Less Carparks Equals Alternative Opportunities; Reduced Parking Requirements Due To The Improved Efficiency Of Cars Already On The Road.

“Vast areas of urban land currently occupied by parking lots and roads could be reinvented for a whole new spectrum of social functions”  Carlo Ratti 

In a study published by Transportation researchers in 2016, it was suggested that connected autonomous electric vehicles could replace up to 6.8 privately owned vehicles, freeing up inner city car parks with housing, parklands or new commercials spaces.

A key contributor to this becoming a reality is the implementation of car sharing. Given the nature of autonomous vehicles people will become encouraged to share vehicles as opposed to owning them.

The ramifications of this will have huge implications on the city of the future at both a micro and macro level: from the design of individual developments to the planning of cities.

At a greater city level the need for car parking will become substantially reduced. This may contribute to reductions in kerbside parking and the widening of pedestrian walkways.

Car parking facilities may also become significantly lessened, which will then open new development opportunities to land currently occupied by carparking, service centres and mechanics.

At a residential level, vehicle sharing and lower ownership means a requirement for less car parking. This will present an opportunity for greater gross floor area (GFA) dedicated to liveable space potentially boosting housing affordability.


Photo Courtesy Of Chris Dixon[/caption]
EVs Are The First Step To AVs, Three Reasons Why Their Environmental Effects Will Allow Our Urban Landscapes To Flourish.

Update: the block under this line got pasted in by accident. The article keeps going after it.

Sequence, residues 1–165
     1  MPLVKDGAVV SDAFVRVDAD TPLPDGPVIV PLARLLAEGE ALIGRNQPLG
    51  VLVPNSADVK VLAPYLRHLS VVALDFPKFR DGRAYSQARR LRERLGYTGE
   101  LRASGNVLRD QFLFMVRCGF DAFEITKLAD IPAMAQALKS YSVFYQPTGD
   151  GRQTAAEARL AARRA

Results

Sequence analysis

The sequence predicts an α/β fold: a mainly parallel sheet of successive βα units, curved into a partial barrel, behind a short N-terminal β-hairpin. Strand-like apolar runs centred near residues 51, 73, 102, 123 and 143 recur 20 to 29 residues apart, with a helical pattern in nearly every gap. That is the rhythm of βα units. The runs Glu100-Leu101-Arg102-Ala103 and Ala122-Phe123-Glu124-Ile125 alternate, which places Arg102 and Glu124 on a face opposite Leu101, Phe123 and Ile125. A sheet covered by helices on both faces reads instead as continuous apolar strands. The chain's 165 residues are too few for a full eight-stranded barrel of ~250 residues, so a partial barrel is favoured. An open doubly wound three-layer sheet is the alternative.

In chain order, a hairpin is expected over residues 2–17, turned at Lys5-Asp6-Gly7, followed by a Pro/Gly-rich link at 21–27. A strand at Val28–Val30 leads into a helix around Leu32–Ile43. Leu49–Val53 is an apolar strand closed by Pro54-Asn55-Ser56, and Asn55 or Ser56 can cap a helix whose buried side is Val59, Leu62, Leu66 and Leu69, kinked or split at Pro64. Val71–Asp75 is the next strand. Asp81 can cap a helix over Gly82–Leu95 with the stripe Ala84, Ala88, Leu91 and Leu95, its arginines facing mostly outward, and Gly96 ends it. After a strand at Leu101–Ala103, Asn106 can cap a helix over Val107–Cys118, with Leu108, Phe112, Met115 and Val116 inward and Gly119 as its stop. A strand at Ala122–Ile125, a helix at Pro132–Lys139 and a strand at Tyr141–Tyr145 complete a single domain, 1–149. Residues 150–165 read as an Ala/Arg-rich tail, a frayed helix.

1. Zero Air Pollution.

Pure battery EVs use no petrol. They have no engines, no tailpipes and therefore emit no exhaust. Whilst this will cause mass disruption to the petroleum industry, it opens up new commercial opportunities for cities and means zero emissions and cleaner, healthier air for all.

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Every additional conventional car on the road contributes to the diminished air quality Australians experience, especially when traveling in and out of our capital cities, with the passenger transport sector accounting for 62 percent of Australia’s transport emissions.
Data collected by the Australian Institute of Health and Welfare in 2015 reported that “Air pollution results in 3,000 premature deaths each year in Australia, costing the nation up to $24.3 billion in health expenses every year.”

2. EVs enable renewables.

Yes, you can power your EV entirely without electricity from the grid. This means that if you use renewable energy, your car can run on 100% clean energy.